Of course, I was all namaste until we actually encountered some animals. It happened with Zebras – we turned a corner, and all of a sudden, we were in a field of around 20 Zebras. We stared at them. They stared at us. We stared back. This went on, a strange game of chicken with some Zebras (sorry). “Do Zebras” charge I asked – everyone laughed at me, “They’re like horses with stripes” the ranger replied. So we kept walking, and the Zebras joined in, walking side-by-side us, like a personal entourage. It was probably one of the most amazing 19 seconds of my life, and I’ll really never forget it.

Once my nerves had calmed sufficiently about Zebra-gate, our next encounter happened. This time, we were searching for Rhinos – and boy did we find them. Four huge, majestic Rhinos by a pool of water, having a great time on a scratching pole, giving their bellies a good rub. It was all going so well, under we got too close for comfort – the Rhinos had got a whiff of our scent in the wind and the male Rhino wasn’t happy, stomping his feet and bucking his head. Apparently male Rhinos are very protective about their ladies, and we’d caused a right domestic. “Allow them to sort their own relationship issues out” the ranger said, “it’s all about respecting the animals”. We retreated backwards, like an awkward girl band in single file, our hearts in our mouths.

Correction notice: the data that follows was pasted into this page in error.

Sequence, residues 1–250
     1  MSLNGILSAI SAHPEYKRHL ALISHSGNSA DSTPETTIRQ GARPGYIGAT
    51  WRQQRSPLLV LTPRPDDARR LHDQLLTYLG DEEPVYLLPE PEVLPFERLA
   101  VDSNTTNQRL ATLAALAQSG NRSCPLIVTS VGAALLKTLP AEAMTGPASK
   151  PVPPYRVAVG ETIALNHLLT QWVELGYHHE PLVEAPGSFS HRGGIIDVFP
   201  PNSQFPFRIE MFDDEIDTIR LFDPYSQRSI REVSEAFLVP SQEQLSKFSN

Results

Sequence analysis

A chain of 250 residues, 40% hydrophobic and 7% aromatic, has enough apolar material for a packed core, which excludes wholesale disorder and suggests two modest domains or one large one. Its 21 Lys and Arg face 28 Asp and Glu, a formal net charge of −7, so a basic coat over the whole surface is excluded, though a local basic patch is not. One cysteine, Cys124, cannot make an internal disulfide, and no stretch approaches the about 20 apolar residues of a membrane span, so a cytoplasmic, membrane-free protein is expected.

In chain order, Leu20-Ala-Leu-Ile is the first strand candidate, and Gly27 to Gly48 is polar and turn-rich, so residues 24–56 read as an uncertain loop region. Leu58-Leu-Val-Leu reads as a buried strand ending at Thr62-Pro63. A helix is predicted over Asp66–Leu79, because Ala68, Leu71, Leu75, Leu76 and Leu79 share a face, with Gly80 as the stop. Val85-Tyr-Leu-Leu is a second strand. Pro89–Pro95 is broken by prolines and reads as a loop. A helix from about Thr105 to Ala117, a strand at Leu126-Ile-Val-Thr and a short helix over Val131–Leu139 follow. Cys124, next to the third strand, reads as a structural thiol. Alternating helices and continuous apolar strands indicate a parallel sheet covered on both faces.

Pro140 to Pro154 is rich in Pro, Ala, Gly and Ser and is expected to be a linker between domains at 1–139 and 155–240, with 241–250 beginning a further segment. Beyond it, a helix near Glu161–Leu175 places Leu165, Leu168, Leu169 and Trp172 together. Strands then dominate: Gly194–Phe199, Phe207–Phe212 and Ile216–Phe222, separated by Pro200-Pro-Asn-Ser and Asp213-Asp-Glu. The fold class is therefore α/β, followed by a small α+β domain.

That wasn’t all the drama in the bush walk – we scared off Kudus, watched Warthogs race through the forest, saw the circling of crows (a sign that a lion had had his lunch of Aardvark) and identified the tracks of where the elephants had walked. The bush walk was the closest I’d ever been to nature, and my eyes couldn’t take it all in. I was having such a wonderfully romantic time, that I’d totally forgot to feel scared anymore. The bush had transported me somewhere totally new and I emerged like a new person, willing to see the world in technicolour.

Bush walking in South Africa taught me so much; in the space of 2 hours, I felt like I’d developed more as a person than my whole time at university, drinking cider and watching Disney films with a raging hangover. You see, fear clarifies things in your mind. I thought of all the things I wanted to achieve in my life – the ones I’d been to scared to say out loud, for fear of failure or judgement. Like how I wanted to be on stage more, hosting events and bringing people together. And, gosh, dare I say it out loud – I wanted to be on screen – on television, presenting. Once you’ve got it into your head that you might not have a chance to do these things, it really does propel you forwards. I came back to London with new energy, zeal and enthusiasm, to make my life the best it could be. Ironically, fear of death chased away fear of failure, for me.

The other thing I learnt is that fear is just one side of the coin – the flipside, of course, is trust. I realised that once you place your trust in other people – their abilities and knowledge – then there’s really nothing to fear at all. I trusted our rangers, and once I put my trust in their hands, my own clammy fear disappeared. So next time you’re questioning whether to go out of your comfort zone – whatever that might mean to you – give it a go, you might be surprised where you end up. Next time you wonder ‘what if’, my advice would be: feel the fear, and do it anyway.

For more information about South Africa, see here.